CIFAS, THE UK’s leading fraud prevention service, has revealed that cases of individuals stealing from their employer and customer accounts have increased by nearly three-quarters (74%) when compared to 2022. In its latest Fraudscape update, which includes reporting on cases filed to the Cifas Internal Fraud Database in the first nine months of 2023, Cifas reports that the percentage of employees carrying out theft from customer accounts has risen by 27%.
Against the backdrop of the continuing cost-of-living crisis and many employees looking for ways in which to supplement their income, nearly half (48%) of the 249 cases recorded to the Cifas Internal Fraud Database between January and September this year related to dishonest conduct. That’s a 35% increase compared to the same period in 2022.
Theft of IT equipment accounted for 21% of cases – many items of which would have been stolen with the intention of selling on – with 16% withdrawing funds from customer accounts in a bid to bolster their wages.
Most of the employees that carried out dishonest conduct were aged between 21 and 30 (42%), with branches (45%) and Contact Centres (29%) most affected. There was also a jump in older employee cases in 2023, with a 56% increase among those aged 51-60 when compared to 2022.
Promisingly, as more organisations explore ways in which they can equip their workforces to better understand internal fraud, cases of staff recognising and reporting colleagues for fraudulent conduct have risen by 38% in 2023.
During a time in which 1.2 million UK adults revealed that they have a second job to cope with rising costs – often referred to as ‘polygamous working’ – Cifas has received an increase of reports of staff sharing login details to appear to be working as well as not fulfilling their contractual hours.
The data shows that, in the first nine months of 2023, the unlawful obtaining or disclosure of personal data rose by over one-third (up 36%). In a large proportion of these cases, the disclosure of customer data to a third party featured in 42% of filing reasons.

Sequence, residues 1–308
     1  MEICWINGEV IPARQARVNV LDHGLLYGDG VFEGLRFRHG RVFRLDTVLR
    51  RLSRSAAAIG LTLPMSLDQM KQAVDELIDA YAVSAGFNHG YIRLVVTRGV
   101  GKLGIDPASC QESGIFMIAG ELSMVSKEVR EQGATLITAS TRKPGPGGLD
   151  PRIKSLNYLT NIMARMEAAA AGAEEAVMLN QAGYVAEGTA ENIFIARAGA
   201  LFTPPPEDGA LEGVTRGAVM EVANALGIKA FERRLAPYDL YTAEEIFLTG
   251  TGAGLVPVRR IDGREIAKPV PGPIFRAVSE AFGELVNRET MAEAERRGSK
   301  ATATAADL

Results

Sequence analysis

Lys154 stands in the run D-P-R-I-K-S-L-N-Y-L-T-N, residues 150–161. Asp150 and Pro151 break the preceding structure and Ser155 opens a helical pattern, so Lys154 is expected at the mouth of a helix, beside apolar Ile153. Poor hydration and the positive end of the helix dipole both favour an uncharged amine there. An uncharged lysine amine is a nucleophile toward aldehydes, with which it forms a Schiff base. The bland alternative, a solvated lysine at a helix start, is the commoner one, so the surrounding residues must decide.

Tracey Carpenter, insider threat manager for Cifas, said: “The impact of the current economic climate can quickly become overwhelming for those who are struggling to balance their finances with the pressures of everyday life. This can, in some instances, result in employees committing dishonest conduct in their workplaces in an effort to pay bills or repay debts.”
Carpenter continued: “There may also be employees who are disgruntled at work and feel they deserve more in their pay packets each month. On that basis, they manipulate the hours worked or otherwise inflate their expenses. Some may even turn to organised crime gangs to divulge personally sensitive information about their companies or colleagues in exchange for cash.”
Further, Carpenter noted: “What these insights show is that organisations large and small must remain on top of their internal controls if they want to protect their workforces and keep business assets safe. The insider threat continues to be a very real problem for employers to tackle. There has never been a more important time to invest in the resources needed to future-proof workplaces.”
Overall, the Cifas Internal Fraud Database witnessed a 10% increase in cases recorded compared to the same timeframe in 2022.
Cifas has offered four key tips on Best Practice to prevent insider theft.
First, look at the full employee lifecycle. Undertake checks at the pre-employment screening stage and throughout the employee’s employment – regardless of their role in the organisation – to identify any concerns early on.
Second, ensure there are sufficient controls, processes and procedures in place to identify if employees are sending confidential information outside of the organisation to audit trails and general awareness of dishonest conduct.
Third, make insider threat controls a priority and invest wisely in technology and expert staff to tackle the issue.
Fourth, protect employees and look after their well-being. Knowing that support is available can be the difference between someone seeking help or feeling their only option is to be dishonest.
*Cifas has launched its Digital Learning Programme: an interactive video series equipping individuals with the tools needed to identify first party fraud, pinpoint theft, staff approaches from criminal enterprises and social engineering manipulation. Learn more online
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